In lieu of an abstract, here is a brief excerpt of the content:

  • Making Policy
  • Gregory E. Kaebnick

Those who think about ethical issues in medicine and medical science have taken to asking, increasingly frequently, what it takes to make a real social difference on these matters, and whether the usual ways of thinking about them are enough. The lead feature article in this issue of the Report exemplifies this new line of inquiry. Legal scholar Mark Rothstein argues that legislation to bar genetic discrimination in health insurance, employment, or elsewhere is not the good idea it appears at first to be, for the reason that information about a person's genetic make-up is not as special as it seems to be. There's no good way or reason to distinguish it from nongenetic information, making laws specially crafted to combat genetic discrimination impracticable. Worse, such laws actually "reinforce the stigma of genetic disorders (by treating them differently from nongenetic conditions) and ignore the underlying social problems that genetic privacy and discrimination exemplify." Genetic discrimination is of a piece with any discrimination involving medical information. If we wish to avoid it, we must attack all discrimination on medical grounds.

But then Rothstein asks whether it's enough to point this out. Perhaps broad solutions are politically impossible—then what? Then drafting more limited legislation, aimed specifically at genetic discrimination, might still make sense. The latter portion of Rothstein's discussion tries to explain when specifically genetic antidis-crimination legislation would be helpful and wise, even though it would still also be, in some sense, wrongheaded.

Rothstein assumes that it is not enough to think intelligently about ethical issues in medicine and medical science; it is also necessary to think to think politically about them. What he assumes, Alta Charo argues for in Policy & Politics (as, to some degree, both Jonathan Moreno and Art Caplan did in earlier installments of this column, which was, fittingly enough, launched only this year). "[I]n the end," Charo writes, "it is the politics we are debating more often than the bioethics . . . Our conversations would be more honest, more articulate, and more effective if we were to embrace this rather than bury it."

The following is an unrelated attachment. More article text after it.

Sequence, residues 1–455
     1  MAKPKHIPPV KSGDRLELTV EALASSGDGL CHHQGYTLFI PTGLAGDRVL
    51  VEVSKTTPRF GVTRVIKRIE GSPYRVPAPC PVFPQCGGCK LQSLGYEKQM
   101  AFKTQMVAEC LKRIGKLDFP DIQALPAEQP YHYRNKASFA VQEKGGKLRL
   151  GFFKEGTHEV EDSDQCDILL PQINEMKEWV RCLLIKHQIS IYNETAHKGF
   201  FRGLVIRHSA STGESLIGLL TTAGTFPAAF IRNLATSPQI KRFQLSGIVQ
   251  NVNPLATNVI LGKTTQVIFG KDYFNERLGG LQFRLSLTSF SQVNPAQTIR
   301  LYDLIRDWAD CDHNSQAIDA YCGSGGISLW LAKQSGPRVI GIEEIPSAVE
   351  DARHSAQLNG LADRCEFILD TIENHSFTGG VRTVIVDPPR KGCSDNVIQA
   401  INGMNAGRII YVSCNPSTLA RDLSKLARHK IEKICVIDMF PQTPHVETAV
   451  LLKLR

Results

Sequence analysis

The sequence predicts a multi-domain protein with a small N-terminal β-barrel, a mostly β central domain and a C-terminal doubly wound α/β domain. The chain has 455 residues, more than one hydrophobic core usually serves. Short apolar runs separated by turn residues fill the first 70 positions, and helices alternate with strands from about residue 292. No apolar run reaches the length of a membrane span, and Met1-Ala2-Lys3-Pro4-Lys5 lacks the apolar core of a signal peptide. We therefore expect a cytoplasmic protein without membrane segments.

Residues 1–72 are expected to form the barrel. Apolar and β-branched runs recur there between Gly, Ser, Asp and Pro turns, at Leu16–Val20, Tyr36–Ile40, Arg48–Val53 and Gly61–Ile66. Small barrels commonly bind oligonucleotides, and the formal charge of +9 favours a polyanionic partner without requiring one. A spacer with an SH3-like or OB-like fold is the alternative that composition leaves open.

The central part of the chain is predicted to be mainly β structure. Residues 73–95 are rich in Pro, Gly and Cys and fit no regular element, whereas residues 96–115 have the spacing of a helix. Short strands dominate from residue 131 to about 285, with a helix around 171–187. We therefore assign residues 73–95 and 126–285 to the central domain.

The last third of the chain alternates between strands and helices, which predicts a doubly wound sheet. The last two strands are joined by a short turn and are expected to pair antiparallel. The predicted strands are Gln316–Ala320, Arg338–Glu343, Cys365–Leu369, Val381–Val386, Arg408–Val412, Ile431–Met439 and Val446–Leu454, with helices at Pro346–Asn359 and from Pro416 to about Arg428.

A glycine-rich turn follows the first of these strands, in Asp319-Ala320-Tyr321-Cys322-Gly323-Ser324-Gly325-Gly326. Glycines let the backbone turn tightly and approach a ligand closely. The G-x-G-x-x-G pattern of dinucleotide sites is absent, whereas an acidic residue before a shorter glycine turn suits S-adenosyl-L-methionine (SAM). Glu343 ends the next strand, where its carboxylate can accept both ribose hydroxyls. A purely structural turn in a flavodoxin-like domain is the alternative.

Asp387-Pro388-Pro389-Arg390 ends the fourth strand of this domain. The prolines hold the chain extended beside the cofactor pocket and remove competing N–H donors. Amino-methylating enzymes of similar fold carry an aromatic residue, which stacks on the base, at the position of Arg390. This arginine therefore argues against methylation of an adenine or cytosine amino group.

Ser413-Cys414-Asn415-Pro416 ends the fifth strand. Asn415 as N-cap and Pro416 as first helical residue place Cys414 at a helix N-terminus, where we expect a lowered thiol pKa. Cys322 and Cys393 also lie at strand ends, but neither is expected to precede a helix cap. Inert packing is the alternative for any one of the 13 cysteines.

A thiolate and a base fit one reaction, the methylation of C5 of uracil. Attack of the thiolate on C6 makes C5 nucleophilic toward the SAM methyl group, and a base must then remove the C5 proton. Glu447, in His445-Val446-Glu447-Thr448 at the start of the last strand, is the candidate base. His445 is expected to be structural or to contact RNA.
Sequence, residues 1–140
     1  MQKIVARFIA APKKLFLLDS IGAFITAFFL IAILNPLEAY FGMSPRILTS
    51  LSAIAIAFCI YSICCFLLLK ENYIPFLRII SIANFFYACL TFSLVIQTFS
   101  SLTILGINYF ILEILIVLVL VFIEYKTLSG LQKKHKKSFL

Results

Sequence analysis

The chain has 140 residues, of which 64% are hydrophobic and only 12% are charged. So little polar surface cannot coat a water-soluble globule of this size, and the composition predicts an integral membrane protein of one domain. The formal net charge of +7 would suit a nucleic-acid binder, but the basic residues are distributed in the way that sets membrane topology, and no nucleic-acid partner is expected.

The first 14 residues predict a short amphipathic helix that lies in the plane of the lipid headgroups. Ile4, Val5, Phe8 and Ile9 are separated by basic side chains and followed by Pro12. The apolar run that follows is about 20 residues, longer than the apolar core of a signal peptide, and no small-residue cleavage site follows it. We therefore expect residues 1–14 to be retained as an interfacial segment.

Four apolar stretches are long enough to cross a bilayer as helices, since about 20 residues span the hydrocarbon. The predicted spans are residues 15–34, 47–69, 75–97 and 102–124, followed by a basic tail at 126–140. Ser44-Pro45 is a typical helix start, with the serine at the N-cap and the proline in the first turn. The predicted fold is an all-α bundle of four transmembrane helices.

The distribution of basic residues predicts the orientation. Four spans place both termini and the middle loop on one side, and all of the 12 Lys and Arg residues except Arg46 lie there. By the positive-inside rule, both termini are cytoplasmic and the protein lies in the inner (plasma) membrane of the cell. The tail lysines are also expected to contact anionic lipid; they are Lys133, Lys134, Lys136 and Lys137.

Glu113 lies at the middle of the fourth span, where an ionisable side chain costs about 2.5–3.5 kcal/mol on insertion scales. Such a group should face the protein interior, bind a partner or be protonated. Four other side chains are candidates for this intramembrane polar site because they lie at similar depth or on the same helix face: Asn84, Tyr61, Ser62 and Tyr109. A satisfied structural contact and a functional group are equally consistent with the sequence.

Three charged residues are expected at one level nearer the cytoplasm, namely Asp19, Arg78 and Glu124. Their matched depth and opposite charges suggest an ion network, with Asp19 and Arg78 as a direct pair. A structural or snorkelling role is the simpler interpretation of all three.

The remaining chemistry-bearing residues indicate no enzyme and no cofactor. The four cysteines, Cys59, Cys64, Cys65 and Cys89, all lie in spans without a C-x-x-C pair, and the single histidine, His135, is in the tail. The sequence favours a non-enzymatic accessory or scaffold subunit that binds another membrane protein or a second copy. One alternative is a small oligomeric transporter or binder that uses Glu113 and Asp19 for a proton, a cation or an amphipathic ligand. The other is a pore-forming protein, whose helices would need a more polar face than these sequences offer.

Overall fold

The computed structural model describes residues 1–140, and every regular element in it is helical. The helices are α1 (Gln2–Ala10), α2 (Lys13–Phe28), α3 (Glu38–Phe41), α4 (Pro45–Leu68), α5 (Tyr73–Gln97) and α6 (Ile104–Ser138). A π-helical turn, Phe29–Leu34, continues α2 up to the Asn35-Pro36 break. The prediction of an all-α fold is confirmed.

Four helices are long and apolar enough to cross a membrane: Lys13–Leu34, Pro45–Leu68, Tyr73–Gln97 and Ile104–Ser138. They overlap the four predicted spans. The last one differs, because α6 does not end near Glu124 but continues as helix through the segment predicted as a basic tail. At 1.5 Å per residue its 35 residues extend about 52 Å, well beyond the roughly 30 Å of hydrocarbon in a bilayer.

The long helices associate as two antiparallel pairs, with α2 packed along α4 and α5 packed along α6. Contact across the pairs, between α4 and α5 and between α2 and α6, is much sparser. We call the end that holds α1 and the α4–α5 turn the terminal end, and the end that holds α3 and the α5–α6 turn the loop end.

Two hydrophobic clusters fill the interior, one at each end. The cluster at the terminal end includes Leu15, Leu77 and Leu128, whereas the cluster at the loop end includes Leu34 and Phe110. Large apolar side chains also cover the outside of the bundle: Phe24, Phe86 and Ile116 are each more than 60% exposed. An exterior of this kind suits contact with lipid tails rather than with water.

Mildred Solomon turns in her article to another kind of thinking insufficiently practiced in bioethics. She argues that bioethicists ought to consider the facts on the ground more often and more carefully than they do, by deploying the perspectives and tools of the social sciences. "In their role as advocates for certain visions of the good, bioethicists need what empirical researchers can offer: a variety of powerful means for getting from here to there." Solomon offers an annotated taxonomy of the ways in which these perspectives and tools can help. As her manuscript wound through the Report's peer review process, reviewers raised many questions about the taxonomic organization, wondering which categories should go together, which should be split, and whether each category really bore the right heading. But whatever framework is used for grouping, the underlying point is sound. As Rothstein shows, there is still a need for conceptual analysis on policy issues in medicine and medical science, but there is undoubtedly a vast need for more good empirical work. [End Page 2]



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Launched on MUSE
Open Access
Archive Status
Archived 2012
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